CDC Group, the UK’s development finance institution, is looking to expand its investment exposure in Asia as part of a new strategy with an increased focus on climate finance, digital transformation, and diversity, according to a senior official.
In a recent speech at the London Stock Exchange, the UK Foreign Secretary and Minister for Women and Equalities Liz Truss announced upcoming changes at CDC Group.
CDC, which will formally be recognised as British International Investment starting April 4, 2022, is entering a new five-year strategy period with an aim to invest £1.5 billion ($2 billion) to £2 billion each year.
Already an active investor in South Asia, the CDC announced a special interest in Southeast Asia following a mandate to go further to an expanded geographical remit to include the Indo-Pacific and Caribbean.
For Southeast Asian countries, mainly the Philippines, Indonesia, Vietnam, Cambodia, and Laos, the focus will be on climate investment, particularly the renewables sector.
“It will retain our focus on Africa, adds the Caribbean, but significantly also pivots us to Asia, and in particular South East Asia, to provide green finance. It will allow us to finance the critical infrastructure that will allow all these countries to build back better,” Nick O’Donohoe, CDC chief executive, said.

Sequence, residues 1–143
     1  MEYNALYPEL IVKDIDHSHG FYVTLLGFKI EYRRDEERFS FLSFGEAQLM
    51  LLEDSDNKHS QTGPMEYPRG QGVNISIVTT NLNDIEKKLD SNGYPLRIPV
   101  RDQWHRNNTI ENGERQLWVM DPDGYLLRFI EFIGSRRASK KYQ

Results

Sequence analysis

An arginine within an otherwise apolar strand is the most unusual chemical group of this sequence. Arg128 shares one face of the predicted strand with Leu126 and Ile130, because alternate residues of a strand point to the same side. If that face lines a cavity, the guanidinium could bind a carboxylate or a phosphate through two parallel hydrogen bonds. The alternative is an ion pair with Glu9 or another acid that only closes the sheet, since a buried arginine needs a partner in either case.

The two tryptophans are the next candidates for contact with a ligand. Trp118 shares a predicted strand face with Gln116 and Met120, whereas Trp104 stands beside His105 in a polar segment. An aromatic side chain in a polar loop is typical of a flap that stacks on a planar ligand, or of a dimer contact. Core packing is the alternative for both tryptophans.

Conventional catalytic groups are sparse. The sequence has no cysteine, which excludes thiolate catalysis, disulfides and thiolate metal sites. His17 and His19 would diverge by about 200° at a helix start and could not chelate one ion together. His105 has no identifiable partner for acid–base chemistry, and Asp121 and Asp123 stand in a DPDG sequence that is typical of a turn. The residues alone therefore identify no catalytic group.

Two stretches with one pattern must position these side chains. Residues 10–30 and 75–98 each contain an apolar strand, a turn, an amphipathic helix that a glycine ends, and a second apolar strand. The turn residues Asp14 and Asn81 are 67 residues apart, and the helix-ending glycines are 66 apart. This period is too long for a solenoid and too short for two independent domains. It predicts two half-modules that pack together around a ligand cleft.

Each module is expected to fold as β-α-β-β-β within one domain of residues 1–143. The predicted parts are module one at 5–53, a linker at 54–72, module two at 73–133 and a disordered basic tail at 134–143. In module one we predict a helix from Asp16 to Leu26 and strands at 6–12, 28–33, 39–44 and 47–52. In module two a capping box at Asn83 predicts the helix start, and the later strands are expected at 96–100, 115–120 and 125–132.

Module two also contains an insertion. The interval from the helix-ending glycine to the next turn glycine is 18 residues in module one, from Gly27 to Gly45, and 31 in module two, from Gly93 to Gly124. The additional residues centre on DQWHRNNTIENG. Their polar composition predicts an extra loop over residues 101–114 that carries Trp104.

O’Donohoe said the company has invested around £7 billion and mobilised a further £2.5 billion in the past five years, backing businesses that employ more than 900,000 people.
In her speech, Truss also announced the appointment of Diana Layfield as the new chair of CDC. She will succeed Graham Wrigley who is stepping down after being appointed in 2013.
Layfield is currently Google president, EMEA partnerships as well as a non-executive director at AstraZeneca. She was formerly the chief executive of Standard Chartered, Africa.
The development finance institution joined other investors to invest in digital financial service company Indifi Technologies, an online lending platform in India. The CDC also recently provided Leap India Food and Logistics Private Limited with $14 million debt financing to build silos in low-income states.